Helicobacter pylori is a bacterium that inhabits the tissue lining the stomach and duodenum, and is present in as many as half of the world's population. It can be transmitted from person to person through direct contact with the saliva, vomit or feces of an infected person. It can also enter the body through contaminated food or drink.
Symptoms of Helicobacter pylori infection
In most infected people, the symptoms of the infection may be completely absent. When they do occur, the symptoms of Helicobacter pylori infection are:
- Dyspepsia, ie. indigestion
- Stomach pain and tingling that increase when the stomach is empty
- Loss of appetite
- Frequent flatulence (eructation)
- Weight loss
Who is advised to test for Helicobacter pylori?
In chronic dyspepsia, it is always advisable to test a patient for the presence of this bacterium. However, other conditions call for the H.pylori test. These are:
- Ulcer of the stomach and duodenum. H. pylori eradication therapy will usually cure the ulcer.
- Dyspepsia not caused by an ulcer.
- Familial predisposition to gastric cancer.
- Long-term therapy with anti-inflammatory drugs (ibuprofen, diclofenac, aspirin). In combination with these drugs, H.pylori can cause stomach ulcers.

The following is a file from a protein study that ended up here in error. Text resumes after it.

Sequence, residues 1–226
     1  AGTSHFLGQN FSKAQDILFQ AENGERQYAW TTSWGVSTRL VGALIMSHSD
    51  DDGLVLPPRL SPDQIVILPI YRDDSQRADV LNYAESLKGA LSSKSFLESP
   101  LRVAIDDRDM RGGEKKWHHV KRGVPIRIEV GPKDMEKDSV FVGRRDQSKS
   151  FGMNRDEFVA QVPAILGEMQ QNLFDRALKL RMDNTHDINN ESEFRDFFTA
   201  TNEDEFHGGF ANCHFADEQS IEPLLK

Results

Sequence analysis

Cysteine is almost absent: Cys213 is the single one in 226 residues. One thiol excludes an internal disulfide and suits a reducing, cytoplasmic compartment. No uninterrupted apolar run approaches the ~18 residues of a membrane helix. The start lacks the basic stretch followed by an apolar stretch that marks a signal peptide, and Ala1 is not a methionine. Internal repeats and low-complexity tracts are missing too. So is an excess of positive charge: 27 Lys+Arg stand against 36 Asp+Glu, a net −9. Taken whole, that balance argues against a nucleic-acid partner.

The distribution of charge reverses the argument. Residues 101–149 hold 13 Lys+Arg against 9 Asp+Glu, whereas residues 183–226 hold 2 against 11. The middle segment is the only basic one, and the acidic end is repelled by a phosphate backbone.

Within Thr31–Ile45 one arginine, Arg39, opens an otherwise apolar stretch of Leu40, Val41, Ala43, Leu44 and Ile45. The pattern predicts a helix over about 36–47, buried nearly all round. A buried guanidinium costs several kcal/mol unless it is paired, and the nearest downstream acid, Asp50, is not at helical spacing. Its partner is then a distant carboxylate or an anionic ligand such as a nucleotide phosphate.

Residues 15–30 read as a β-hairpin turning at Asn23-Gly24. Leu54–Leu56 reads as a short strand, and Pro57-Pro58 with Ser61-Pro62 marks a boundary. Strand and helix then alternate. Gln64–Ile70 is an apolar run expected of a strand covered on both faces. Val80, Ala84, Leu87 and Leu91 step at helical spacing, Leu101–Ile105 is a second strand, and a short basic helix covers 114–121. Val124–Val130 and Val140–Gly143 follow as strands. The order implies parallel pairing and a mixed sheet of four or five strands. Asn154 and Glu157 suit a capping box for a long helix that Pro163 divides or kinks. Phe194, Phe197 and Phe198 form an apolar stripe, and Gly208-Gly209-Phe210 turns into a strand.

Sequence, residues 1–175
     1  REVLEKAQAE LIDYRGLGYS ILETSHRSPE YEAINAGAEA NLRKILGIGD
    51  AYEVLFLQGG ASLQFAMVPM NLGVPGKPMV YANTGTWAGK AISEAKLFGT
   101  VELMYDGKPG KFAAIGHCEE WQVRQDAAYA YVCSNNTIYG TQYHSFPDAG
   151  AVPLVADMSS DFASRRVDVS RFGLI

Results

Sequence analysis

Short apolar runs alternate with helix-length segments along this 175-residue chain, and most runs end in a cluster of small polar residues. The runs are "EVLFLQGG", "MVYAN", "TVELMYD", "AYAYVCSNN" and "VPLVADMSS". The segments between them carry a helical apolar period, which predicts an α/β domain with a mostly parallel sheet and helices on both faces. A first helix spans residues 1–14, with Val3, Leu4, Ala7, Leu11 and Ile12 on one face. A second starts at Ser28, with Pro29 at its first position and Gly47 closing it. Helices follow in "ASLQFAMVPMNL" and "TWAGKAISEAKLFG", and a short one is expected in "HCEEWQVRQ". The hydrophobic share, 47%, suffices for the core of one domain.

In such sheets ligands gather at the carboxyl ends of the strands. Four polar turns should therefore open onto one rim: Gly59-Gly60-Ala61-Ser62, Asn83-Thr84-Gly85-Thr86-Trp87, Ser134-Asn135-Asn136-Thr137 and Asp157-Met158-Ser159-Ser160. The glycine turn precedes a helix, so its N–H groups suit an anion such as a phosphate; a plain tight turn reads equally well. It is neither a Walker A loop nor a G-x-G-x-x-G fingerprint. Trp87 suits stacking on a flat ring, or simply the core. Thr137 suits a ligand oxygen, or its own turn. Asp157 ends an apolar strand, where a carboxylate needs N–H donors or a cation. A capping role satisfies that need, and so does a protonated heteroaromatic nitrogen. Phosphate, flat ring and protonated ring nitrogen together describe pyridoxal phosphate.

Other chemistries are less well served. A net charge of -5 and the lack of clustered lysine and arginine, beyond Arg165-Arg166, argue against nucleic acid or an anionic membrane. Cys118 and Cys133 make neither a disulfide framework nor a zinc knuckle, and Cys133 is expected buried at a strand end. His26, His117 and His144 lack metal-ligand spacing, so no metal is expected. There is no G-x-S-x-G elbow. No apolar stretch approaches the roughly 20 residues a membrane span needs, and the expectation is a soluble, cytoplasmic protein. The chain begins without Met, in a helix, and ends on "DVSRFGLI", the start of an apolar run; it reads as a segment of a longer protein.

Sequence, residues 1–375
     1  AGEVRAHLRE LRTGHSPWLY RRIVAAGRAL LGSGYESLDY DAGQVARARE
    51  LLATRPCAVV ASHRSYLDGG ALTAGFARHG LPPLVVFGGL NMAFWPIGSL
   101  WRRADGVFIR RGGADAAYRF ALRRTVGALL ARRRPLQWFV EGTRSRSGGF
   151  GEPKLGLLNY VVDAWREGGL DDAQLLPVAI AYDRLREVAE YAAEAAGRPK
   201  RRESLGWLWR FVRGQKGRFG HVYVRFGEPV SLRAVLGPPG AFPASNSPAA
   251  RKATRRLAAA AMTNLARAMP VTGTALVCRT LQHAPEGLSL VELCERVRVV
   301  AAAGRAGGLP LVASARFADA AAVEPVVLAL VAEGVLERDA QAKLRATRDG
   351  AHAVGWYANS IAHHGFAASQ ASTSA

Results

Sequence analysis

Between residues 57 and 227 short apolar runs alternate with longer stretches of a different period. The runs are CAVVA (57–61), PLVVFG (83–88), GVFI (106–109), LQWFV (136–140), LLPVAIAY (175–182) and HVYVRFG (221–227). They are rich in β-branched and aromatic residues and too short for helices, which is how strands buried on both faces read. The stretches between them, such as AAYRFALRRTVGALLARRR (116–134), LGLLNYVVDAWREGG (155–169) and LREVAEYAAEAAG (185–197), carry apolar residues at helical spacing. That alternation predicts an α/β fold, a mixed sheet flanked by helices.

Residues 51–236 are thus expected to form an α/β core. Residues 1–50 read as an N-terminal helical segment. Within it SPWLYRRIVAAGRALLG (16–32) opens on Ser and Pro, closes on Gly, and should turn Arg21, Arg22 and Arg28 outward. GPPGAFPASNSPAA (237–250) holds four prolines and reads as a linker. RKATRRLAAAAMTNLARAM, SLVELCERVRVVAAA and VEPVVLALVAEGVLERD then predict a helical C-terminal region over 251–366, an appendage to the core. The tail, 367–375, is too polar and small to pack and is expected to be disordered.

- Gastric MALT lymphoma
- Atrophic gastritis
- Iron deficiency anemia
The presence of Helicobacter pylori can be determined in several ways: by analysis of feces, blood test or breathing test. All three tests are available in our laboratories.
To detect the presence of this bacterium, additional tests are performed:
- Determination of IgG and IgA antibodies to Helicobacter pylori (price is 2 x 1150 dinars)
- Detection of Helicobacter pylori in exhalation test (3200 dinars)
- Helicobacter pylori antigen from feces (1350 dinars).
1. The first test does not require special preparation and the results are ready after 24 hours.
This test can be performed using two methods – CLIA and ELISA. Results can be expected on the same day in the case of the CLIA method, or after 2-3 days in the case of the ELISA method.
When H.pylori infection occurs, the body responds through a strong specific humoral immune response and produces serum IgA, IgM and IgG antibodies. It is important to emphasize that IgM antibodies are not specific and are rapidly lost during the acute phase, and therefore have no practical significance for diagnosis. Of all non-invasive serological methods used in diagnosis, the ELISA method is most commonly used to prove the existence of specific anti-H.pylori IgA and IgG. These antibodies are present for as long as the infection lasts, but in most cases, the presence of IgG antibodies is noticed in the infected individuals, while the presence of IgA antibodies is rare.
Serological tests are extremely accurate and specific (as much as 90%). However, their potency may be limited by a weak systemic immune response to H. pylori infection. For this reason, paired serum samples are always examined at intervals of two to three weeks.
On that occasion, it is obligatory to determine the classes of immunoglobulins (IgA, IgM and IgM) and monitor antibody titers’ dynamics, i.e. their movement. The presence of infection is certain when a fourfold increase in antibody titer is observed. Since these tests are not specific, it is advisable to perform additional tests to detect active infection, including stool analysis or exhalation test.